Evil Eye, di Rosa Preserve, Napa Valley, California, 2007
The incongruity of this single baleful eye on a shattered face was, in itself, worthy of a shocking image. But the interplay of light and shadow brings so much more meaning to it. The angle of the mid-day sun creates a deep shadow that cuts the sculpture in half. The upper half of the head, holding the eye in place, seems to float menacingly in space. It looks like it can follow us anywhere. Adding to that threat is the zigzag background shadow that tears the image into jagged points of light and darkness. This sculpture is one of about 2,300 works of art in the collection of Rene di Rosa. Fortunately, it can be displayed outdoors, and benefit from the natural interplay of light and shadow upon it.
Fence, Tomales Bay, California, 2007
Tomales Bay reaches like an outstretched arm between the shores of West Marin County and the Point Reyes National Seashore. The bay, resting quietly between the hills just north of the historic Olema Valley, is lined with tiny towns and lovely homes. One of those homes was designed as a dacha, its fence echoing the spirit of Czarist Russia. The play of sunset on this wooden fence created a work of natural art unto itself. All I had to do was to spot meter on the brightest post, drawing the ornamental fence into the light out of the dark shadows falling both on it and beyond it.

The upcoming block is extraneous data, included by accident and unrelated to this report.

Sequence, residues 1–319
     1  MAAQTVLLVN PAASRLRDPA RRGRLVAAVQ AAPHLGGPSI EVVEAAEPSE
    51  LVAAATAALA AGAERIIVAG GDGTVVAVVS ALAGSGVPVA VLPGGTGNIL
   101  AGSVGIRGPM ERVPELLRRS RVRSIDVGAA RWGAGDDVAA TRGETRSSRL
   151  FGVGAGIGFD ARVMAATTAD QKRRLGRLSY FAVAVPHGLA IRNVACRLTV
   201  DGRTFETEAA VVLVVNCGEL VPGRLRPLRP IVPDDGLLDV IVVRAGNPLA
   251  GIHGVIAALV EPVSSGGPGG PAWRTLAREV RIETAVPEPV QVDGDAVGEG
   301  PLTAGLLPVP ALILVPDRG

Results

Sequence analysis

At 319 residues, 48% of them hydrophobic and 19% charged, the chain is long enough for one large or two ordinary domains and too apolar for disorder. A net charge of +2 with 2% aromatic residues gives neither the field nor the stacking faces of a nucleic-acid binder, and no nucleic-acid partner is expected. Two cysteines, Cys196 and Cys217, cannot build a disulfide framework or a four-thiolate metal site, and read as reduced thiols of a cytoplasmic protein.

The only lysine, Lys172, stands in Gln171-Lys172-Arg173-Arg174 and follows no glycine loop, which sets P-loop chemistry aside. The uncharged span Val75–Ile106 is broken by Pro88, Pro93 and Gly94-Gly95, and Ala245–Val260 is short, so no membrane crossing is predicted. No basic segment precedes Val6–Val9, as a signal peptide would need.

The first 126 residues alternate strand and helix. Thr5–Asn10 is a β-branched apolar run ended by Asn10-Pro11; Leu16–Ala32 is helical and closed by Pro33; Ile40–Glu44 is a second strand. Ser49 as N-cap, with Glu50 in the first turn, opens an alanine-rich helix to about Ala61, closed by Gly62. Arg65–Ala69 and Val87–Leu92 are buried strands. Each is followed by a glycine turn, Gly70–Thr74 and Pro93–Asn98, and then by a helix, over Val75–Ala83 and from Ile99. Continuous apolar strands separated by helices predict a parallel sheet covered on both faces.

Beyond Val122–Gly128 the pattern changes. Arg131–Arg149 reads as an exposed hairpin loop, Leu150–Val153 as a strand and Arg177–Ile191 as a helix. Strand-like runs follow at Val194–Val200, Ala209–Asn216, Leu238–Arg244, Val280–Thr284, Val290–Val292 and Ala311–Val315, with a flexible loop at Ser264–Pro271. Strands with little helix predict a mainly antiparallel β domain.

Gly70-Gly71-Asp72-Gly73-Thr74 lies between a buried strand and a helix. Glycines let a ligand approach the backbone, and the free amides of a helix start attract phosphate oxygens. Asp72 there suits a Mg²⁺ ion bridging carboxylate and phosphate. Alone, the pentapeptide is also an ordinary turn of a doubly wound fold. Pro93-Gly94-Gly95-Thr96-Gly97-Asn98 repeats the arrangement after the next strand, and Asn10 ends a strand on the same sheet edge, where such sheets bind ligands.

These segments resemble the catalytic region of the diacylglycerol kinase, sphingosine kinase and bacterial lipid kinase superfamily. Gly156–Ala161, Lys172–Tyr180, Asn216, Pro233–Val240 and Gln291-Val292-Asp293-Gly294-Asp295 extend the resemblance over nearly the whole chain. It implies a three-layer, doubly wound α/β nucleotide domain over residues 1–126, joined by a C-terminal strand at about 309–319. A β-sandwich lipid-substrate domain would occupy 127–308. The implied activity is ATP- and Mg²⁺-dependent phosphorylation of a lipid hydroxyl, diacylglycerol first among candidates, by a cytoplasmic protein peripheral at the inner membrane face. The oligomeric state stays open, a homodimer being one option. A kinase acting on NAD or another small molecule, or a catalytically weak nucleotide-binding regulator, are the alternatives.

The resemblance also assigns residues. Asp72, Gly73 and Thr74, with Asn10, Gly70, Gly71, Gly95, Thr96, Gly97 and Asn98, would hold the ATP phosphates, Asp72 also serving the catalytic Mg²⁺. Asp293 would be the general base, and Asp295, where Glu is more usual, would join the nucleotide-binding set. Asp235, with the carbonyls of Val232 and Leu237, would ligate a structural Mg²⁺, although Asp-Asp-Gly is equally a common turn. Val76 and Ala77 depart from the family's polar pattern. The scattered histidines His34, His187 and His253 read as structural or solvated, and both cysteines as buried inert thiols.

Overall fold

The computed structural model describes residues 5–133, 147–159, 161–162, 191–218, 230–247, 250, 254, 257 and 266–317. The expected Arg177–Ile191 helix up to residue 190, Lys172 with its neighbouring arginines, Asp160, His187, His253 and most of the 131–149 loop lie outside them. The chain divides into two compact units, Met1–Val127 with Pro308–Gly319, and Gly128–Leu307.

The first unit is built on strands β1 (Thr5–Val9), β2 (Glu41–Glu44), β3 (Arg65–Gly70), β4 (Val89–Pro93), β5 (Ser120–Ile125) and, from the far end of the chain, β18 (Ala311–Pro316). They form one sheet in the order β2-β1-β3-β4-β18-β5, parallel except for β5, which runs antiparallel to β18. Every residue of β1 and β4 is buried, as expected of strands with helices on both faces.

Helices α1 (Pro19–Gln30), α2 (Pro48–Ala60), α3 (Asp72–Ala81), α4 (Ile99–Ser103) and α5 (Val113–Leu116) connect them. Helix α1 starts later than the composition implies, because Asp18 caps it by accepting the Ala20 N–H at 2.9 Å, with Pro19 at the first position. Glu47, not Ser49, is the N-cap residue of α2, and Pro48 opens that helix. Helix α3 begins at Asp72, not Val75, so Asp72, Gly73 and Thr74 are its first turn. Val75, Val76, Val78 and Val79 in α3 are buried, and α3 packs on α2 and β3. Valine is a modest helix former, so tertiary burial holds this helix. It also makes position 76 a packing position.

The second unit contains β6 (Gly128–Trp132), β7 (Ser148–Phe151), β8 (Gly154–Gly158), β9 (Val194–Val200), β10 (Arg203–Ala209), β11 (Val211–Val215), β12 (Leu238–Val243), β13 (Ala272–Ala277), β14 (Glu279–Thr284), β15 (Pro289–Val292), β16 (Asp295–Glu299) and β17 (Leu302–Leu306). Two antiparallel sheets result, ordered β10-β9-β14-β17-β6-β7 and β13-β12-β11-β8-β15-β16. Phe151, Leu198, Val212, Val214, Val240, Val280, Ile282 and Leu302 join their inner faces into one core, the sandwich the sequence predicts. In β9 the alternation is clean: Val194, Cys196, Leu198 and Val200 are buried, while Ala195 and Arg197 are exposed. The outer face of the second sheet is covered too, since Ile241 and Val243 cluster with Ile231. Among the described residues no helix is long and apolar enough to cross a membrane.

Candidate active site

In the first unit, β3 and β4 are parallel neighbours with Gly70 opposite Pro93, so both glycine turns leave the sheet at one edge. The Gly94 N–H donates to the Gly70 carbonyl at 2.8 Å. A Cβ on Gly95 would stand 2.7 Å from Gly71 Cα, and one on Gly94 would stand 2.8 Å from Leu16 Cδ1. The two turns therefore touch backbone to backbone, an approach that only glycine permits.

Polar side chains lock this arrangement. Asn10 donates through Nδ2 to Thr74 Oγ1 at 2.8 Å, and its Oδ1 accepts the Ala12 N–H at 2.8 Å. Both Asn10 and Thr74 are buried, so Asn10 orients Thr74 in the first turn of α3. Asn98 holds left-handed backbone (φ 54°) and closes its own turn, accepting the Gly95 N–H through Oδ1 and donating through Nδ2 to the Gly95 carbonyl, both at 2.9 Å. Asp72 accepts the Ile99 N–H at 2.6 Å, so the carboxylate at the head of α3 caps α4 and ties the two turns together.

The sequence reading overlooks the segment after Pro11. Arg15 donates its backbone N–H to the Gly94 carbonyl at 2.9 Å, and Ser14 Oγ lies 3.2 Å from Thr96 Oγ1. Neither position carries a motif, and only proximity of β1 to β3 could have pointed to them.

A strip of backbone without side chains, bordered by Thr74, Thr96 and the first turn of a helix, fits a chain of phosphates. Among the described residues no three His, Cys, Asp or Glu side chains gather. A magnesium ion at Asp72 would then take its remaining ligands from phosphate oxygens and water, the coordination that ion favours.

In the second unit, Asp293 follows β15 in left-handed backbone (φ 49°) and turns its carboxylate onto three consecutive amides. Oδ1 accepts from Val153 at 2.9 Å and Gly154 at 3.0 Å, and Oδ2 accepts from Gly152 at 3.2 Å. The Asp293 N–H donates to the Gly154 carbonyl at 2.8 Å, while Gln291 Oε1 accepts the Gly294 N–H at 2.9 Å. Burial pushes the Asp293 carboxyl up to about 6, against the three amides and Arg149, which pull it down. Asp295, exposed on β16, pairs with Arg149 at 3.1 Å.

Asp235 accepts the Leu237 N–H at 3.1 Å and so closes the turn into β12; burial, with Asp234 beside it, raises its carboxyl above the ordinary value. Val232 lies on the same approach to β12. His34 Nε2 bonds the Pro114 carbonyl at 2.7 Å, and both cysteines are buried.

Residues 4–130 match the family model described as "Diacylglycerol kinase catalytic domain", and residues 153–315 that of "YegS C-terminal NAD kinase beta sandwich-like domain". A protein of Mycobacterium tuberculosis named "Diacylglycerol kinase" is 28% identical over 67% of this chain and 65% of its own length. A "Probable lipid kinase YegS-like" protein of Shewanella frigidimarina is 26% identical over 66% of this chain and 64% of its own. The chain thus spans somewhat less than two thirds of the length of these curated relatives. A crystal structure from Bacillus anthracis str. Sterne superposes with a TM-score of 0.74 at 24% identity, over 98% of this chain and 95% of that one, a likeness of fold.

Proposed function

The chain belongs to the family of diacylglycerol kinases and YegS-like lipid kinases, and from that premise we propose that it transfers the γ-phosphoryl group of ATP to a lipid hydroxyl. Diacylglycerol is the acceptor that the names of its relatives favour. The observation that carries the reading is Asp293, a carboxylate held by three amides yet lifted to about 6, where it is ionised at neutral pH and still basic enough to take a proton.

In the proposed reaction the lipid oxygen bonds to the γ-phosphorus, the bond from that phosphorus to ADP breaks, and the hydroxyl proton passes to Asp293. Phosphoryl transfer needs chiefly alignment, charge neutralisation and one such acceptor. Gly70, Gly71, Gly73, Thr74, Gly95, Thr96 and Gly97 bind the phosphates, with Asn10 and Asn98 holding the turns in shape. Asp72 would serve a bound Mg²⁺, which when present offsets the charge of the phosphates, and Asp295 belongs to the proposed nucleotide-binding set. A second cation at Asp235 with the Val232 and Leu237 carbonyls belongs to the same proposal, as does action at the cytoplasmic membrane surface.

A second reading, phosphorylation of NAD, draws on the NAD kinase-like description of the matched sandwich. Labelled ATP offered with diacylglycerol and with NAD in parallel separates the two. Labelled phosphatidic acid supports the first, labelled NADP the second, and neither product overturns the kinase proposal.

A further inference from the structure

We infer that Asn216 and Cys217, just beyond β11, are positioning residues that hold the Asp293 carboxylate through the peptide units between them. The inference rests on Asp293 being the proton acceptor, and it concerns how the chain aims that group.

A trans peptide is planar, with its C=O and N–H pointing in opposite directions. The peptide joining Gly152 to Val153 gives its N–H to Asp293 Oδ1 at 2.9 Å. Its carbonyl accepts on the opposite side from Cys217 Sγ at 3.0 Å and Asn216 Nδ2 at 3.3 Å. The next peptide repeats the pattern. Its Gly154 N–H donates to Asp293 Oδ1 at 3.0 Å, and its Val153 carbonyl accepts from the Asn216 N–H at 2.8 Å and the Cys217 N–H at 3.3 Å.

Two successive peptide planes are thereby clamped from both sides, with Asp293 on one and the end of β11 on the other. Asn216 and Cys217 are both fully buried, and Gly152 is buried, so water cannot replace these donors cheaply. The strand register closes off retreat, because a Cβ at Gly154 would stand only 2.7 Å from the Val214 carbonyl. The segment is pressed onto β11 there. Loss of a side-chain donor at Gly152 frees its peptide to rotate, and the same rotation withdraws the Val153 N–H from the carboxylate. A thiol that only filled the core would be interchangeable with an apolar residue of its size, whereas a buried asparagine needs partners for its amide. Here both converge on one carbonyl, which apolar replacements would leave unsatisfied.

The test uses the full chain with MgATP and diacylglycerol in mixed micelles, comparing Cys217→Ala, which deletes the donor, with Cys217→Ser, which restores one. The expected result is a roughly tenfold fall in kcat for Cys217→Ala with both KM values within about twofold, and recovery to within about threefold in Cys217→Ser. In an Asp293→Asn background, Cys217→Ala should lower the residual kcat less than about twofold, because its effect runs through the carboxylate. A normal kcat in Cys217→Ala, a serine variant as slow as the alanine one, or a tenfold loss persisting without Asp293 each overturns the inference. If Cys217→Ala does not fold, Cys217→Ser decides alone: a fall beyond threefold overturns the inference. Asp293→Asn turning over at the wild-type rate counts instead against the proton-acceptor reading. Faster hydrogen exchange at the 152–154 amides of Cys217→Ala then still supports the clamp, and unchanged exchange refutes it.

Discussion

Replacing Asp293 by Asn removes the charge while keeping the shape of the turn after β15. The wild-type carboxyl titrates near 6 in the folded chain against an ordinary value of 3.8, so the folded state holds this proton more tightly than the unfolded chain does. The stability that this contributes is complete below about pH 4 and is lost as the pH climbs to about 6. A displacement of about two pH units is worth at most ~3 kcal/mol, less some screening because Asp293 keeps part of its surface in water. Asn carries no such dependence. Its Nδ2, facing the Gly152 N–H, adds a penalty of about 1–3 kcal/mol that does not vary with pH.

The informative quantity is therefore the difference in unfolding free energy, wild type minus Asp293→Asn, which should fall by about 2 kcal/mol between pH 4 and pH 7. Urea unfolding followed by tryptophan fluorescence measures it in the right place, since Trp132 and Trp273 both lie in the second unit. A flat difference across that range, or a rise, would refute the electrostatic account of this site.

A week before I made this image, I read a quote from Paul Strand, whose own iconic image “White Fence” was a turning point in American photography. Strand said of a visit to the former Soviet Union, “I saw a fence against dark woods – it was a very special fence, containing the most amazing shapes. If I’d had my camera with me, I could have made a photograph that had something to do with Dostoevsky.” Strand went on to say that those dark woods gave him the same sort of feeling you get from reading Dostoevsky’s ‘The Idiot.’ When I saw this shadowy Russian fence on Tomales Bay, and my resulting image, I thought of what Paul Strand had said, and a chill ran down my spine.
Nude, Tomales Bay, California, 2007
Just beyond the fence in the previous image, a sculptural figure of a nude woman looks out on the waters of Tomales Bay. The late afternoon sun that sculpted the Czarist Russian fence also illuminates the backside of the stone body. The figure appears almost alive, energized by the flow of light and shadow that defines the body, arms, and ever so little of cascading hair. Another band of soft evening light separates the figure from boulders and the water beyond. It seems to yearn for the water it never can reach.
Mural, Amargosa Opera House, Death Valley Junction, California, 2007